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5 Things Gordon Ramsay Taught Me About Running a Business
I have a confession. I sometimes want to be Gordon Ramsay.
Maybe it’s my first-born nature, but I think I could be really good at observing how other people do things, telling them they are doing it wrong, and then fixing it for them and cheek-kissing goodbyes. I’d furrow my brow and say things like (read with British accent) “What do you see in this mirror? I see incompetence.” Then I would throw it on the ground and say “It doesn’t matter that there are seven years of bad luck because you will be out of business in two. My gosh. The incompetence. I can’t even.” My language might be less colorful but I think I could find a nice balance of sass and common sense to find vocational success.
Though Ramsay may be a bit too salty for some, there are a few lessons that can resonate with all business leaders.
1. Think like your customers.
A sore point for many show contestants is that they have never eaten their own food or stayed in their own hotel. They have no concept of what their customers are experiencing, which leaves them puzzled as to why they are losing business. There are a lot of people’s opinions to consider in business, but ultimately it’s the client’s opinion that keeps you in business. Test run your business/product as your own client every now and then to gain better perspective. Ask for customer feedback and accept it thankfully.
2. Be nice to your staff.
“Bad bosses” are at the top of the list of reasons good employees quit.There is a bit of a balancing act as a boss, you can’t be everyone’s BFF, but if you fail to treat your staff with consideration and respect, you will lose them. Make sure a healthy culture is a part of your business plan. Scrum meetings or weekly check-ins can go a long way in making sure your staff is and feels heard. Also a heavy-weight, two simple words: thank you. Everyone wants to feel appreciated.
3. Do things well.
Anything worth doing is worth doing right. It’s easy enough to just show up, a little more effort to do exactly what is asked or required of you, but if you survey successful entrepreneurs, you will see that they don’t just do things. They do things well. They perform each task as if it really matters. One example of this is Disney. Take a look at their employee qualifications here. Sometimes the biggest triumphs come from the smallest of details.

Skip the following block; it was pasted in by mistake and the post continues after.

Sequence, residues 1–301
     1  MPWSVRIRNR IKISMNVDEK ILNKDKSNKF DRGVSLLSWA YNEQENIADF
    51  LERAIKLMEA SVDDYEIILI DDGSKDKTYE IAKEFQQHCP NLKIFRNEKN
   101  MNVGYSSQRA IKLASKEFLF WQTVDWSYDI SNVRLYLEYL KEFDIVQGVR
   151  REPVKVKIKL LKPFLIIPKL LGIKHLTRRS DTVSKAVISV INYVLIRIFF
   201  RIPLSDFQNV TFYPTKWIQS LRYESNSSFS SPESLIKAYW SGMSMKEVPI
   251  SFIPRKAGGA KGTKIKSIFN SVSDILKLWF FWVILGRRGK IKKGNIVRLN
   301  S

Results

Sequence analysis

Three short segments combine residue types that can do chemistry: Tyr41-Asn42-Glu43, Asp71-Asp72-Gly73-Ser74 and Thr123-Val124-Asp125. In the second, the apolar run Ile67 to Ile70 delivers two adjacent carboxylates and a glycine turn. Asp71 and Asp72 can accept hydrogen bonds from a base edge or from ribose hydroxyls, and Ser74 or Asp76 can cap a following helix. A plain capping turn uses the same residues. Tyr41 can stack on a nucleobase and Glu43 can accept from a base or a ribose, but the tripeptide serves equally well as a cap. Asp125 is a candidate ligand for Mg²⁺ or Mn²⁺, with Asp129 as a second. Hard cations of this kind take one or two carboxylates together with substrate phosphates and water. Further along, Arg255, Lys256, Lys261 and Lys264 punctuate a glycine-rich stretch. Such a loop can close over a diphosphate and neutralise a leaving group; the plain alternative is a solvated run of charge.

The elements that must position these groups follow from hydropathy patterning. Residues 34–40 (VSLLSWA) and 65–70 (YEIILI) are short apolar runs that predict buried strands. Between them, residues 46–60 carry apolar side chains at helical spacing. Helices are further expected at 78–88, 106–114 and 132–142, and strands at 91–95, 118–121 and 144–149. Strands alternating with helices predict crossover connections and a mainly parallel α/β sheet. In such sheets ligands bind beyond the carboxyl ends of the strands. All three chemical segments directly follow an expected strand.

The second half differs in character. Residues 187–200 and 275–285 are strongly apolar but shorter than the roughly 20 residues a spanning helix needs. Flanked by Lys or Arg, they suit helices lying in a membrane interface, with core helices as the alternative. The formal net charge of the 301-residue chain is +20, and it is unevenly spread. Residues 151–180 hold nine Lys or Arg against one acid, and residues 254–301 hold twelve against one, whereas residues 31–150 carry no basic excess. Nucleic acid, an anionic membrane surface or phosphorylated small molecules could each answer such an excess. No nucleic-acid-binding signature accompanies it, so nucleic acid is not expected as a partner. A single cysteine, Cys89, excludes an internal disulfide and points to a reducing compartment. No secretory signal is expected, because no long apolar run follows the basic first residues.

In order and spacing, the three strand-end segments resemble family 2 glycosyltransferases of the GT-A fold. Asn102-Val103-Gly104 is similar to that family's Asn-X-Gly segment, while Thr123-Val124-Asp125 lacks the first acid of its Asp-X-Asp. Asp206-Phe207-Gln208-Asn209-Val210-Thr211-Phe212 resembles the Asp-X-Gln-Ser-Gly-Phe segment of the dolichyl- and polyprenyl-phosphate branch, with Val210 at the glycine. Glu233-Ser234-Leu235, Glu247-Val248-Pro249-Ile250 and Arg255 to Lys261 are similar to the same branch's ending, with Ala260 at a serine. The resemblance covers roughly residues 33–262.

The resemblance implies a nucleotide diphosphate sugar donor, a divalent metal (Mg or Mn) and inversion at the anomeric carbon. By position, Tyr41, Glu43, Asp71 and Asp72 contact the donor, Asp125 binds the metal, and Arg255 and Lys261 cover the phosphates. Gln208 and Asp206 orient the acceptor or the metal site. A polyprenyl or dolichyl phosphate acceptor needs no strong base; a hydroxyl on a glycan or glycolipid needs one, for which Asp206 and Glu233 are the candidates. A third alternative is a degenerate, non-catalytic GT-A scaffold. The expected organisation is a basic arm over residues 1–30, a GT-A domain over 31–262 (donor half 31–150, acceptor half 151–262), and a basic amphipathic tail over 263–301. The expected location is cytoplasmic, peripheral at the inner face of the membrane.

4. Owning a business does not automatically make you owner of all aspects of the business.
It is important to recognize our strengths and weaknesses and to delegate accordingly. Read books, listen to podcasts, continue to learn your industry. Hire competent people and then let them do their job. That said, good leaders also understand that there is no place for ego in a successful company. Some of the best leaders are the ones who are entitled to a corner office yet not too entitled to take out the trash.
5.You can fail or succeed, but you must decide.
Every business owner will face a crossroads. Likely multiple times. We will have the decision of giving in to defeat, or buckling up and figuring out what it takes (then doing it) for success. Time spent crying or sticking our heads in the sand in denial is time better used for finding and implementing solutions.
Ramsay may be a smidge over the top but a top to bottom business audit can actually be a tremendous help. We like tough love as much as the next crew, but we prefer to conduct consultations over a nice cup of coffee and a friendly chat. Until then, if you want to catch Ramsay in action, you can catch several of his shows on Hulu.